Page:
Once assembled, I noticed the new Dire Troll Mauler had a few gaps that needed to be filled to make the joint transitions smooth and organic. For this, I mixed equal amounts or Green Stuff and Apoxie Sculpt. The putty was pressed into the gaps, and smoothed out using a size 2 Color Shaper and a size 2 Clay Shaper tool.
Example :: Backpack
How to sculpt backpacks is something I’ve seen comes up frequently. This example uses straight Green Stuff, metal tools, plus my homemade tool, and is a good example of how to push putty into shape. It’s also a good example of how to work in stages.
Start off with a small blob of putty. Place it on the back of the model. A Winterguard trooper is our guinea pig here. Press the sides with a sculpting tool to form the blob into a box-like shape. Take the point of a sculpting tool and press in where you think the flap for the backpack would be. The pictures below should give you an idea.
If you’re worried about messing it up at this point, let it cure. This is a good reason to use an oven.
Next, lay out a small strap and set it in place over the flap. The top portion if the flap will become the buckle, and the bottom portion will be the tongue. Next, use a knife or pin to press in the lines of the buckle, and the holes in the strap. Finally, place a small roll of Green Stuff at the top of the buckle to be the tang.
Take note that this is an important example of when to use a reference. In this case, I have mislocated the buckle. The visual effect is there, but the buckle is actually too high on the backpack. It should be right below the flap.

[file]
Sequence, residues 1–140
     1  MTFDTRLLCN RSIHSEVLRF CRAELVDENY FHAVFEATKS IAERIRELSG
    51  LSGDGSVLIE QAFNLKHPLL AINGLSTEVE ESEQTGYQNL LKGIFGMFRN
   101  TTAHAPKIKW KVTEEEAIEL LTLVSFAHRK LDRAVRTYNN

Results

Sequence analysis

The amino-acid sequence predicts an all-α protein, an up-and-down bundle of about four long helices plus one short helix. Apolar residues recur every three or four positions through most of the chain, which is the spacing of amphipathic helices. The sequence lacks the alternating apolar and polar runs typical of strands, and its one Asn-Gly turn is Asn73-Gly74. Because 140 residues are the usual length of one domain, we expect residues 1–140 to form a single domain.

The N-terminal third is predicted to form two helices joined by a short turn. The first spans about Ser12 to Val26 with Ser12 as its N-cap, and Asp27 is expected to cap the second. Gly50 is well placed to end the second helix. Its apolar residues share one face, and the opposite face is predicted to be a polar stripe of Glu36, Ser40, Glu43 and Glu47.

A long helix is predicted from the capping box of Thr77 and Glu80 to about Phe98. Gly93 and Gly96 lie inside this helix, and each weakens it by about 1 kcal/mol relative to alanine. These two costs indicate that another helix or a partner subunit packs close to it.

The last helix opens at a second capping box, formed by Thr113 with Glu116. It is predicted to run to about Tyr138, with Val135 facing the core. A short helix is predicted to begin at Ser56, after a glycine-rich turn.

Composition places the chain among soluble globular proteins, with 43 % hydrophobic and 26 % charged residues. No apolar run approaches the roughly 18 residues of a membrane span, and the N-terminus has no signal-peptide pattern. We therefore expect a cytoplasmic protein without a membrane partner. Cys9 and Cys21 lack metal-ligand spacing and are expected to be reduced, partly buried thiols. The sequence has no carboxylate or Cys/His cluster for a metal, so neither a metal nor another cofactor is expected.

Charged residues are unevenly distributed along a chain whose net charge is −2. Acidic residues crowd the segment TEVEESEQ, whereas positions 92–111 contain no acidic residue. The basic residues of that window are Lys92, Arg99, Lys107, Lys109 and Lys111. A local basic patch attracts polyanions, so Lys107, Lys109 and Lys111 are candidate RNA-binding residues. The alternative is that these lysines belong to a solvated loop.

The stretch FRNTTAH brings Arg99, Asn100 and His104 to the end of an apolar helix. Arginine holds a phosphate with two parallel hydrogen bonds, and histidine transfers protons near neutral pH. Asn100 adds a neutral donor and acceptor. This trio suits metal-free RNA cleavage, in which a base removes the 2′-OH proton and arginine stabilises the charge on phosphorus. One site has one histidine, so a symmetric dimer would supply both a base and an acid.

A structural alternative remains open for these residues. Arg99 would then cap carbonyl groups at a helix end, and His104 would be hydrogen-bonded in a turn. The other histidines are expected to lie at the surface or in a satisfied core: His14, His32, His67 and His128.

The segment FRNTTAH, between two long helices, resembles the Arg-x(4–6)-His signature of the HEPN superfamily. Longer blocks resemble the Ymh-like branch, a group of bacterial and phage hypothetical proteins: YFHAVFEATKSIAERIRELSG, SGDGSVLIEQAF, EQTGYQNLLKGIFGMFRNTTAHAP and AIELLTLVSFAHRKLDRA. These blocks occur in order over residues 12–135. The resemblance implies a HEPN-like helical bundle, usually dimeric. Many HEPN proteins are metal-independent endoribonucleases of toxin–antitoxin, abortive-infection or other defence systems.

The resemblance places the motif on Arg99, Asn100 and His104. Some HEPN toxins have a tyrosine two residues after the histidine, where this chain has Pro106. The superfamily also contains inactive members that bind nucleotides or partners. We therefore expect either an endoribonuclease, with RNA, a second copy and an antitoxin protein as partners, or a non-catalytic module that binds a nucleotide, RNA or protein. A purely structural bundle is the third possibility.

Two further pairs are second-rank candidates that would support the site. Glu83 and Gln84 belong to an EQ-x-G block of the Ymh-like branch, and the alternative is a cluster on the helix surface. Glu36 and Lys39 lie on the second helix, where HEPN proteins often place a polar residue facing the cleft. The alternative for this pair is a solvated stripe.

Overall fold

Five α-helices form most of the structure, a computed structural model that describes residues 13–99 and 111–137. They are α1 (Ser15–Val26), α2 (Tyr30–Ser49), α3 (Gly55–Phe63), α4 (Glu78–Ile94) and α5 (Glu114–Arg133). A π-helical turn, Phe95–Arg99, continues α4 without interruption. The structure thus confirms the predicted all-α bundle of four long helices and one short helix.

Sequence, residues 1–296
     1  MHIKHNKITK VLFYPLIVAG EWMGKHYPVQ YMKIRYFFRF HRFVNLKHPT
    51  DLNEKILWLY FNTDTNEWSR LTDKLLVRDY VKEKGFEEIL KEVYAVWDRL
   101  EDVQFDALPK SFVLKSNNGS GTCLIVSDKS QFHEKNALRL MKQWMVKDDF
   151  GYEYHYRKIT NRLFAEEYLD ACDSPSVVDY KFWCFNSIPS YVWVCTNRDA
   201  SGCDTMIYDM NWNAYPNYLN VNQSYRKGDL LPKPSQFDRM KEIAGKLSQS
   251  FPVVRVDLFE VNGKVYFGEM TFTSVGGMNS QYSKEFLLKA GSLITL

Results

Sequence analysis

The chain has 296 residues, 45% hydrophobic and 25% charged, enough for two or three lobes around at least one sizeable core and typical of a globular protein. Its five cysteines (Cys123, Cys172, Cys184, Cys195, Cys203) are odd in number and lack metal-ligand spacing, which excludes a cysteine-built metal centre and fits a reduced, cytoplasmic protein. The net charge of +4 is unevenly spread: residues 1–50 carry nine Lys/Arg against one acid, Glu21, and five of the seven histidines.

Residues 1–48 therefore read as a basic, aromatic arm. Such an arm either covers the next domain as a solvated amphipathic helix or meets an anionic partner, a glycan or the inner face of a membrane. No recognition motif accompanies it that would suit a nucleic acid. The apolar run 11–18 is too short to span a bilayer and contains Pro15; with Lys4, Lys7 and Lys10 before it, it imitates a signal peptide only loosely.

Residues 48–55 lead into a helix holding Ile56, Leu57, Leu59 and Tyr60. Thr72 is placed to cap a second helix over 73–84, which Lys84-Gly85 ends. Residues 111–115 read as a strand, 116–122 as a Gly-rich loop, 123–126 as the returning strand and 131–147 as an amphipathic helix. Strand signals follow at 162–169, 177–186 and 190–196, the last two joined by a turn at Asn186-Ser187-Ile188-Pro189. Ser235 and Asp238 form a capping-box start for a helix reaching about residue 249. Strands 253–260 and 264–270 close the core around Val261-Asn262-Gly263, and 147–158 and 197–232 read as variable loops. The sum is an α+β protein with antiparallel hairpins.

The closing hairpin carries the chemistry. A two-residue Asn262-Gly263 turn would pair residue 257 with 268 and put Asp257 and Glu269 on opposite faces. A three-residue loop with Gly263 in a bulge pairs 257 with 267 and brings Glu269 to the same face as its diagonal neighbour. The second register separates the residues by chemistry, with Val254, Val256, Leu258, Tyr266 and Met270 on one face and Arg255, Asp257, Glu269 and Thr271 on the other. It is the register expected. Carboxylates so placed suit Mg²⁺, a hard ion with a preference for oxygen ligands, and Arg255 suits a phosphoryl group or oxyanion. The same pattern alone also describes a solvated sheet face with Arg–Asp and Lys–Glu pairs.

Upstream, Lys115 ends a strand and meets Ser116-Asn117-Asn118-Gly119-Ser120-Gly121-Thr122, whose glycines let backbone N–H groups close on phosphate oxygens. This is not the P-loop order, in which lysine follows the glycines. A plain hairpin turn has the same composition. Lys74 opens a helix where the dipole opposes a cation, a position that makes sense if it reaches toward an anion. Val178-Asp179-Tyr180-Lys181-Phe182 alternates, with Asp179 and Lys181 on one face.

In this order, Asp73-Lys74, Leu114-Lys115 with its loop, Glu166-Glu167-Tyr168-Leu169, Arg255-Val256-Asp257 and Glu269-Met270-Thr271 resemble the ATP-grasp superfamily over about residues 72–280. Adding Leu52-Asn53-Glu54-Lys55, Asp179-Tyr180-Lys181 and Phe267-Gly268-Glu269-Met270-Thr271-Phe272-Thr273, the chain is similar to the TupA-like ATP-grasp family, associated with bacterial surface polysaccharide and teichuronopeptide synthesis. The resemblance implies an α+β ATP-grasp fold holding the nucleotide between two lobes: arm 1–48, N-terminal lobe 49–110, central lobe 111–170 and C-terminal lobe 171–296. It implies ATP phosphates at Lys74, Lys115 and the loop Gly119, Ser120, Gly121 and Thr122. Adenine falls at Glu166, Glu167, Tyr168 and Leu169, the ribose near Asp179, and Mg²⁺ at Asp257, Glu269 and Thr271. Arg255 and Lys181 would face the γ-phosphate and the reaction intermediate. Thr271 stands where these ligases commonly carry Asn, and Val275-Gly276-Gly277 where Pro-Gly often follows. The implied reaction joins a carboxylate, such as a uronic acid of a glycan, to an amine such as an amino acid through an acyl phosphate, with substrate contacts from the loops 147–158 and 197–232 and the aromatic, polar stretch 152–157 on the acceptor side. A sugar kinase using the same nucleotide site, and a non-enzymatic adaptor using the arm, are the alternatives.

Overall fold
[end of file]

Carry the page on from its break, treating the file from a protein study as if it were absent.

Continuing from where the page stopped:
Example :: Chainmail
For this example, I wanted to give a Trollblood Fell Caller a chainmail loin skirt. I started with filling in the loincloth with Green Stuff, as shown in the pictures. I then took a pointed tool and poked holes in for the chain. Here’s the trick: You must go in rows across, and each new hole must be pulled slightly towards the previous one. Each row should go in alternating directions.
Example :: Fur
Matt Gubser wrote the Circle Conversions article for BrushThralls.com. In it he illustrates how to sculpt fur. The tool used was similar to the home made dowel-and-pin tool shown earlier.
So there you go. All of the basics of miniature sculpting rolled into a bite-sized morsel. This is an immensely large subject that is difficult to capture within the confines of a BrushThralls article, but this should provide a good starting place for anyone just getting into miniatures sculpting, or even conversion work that involves using putty. Don’t be afraid of the green gum, go out and make something.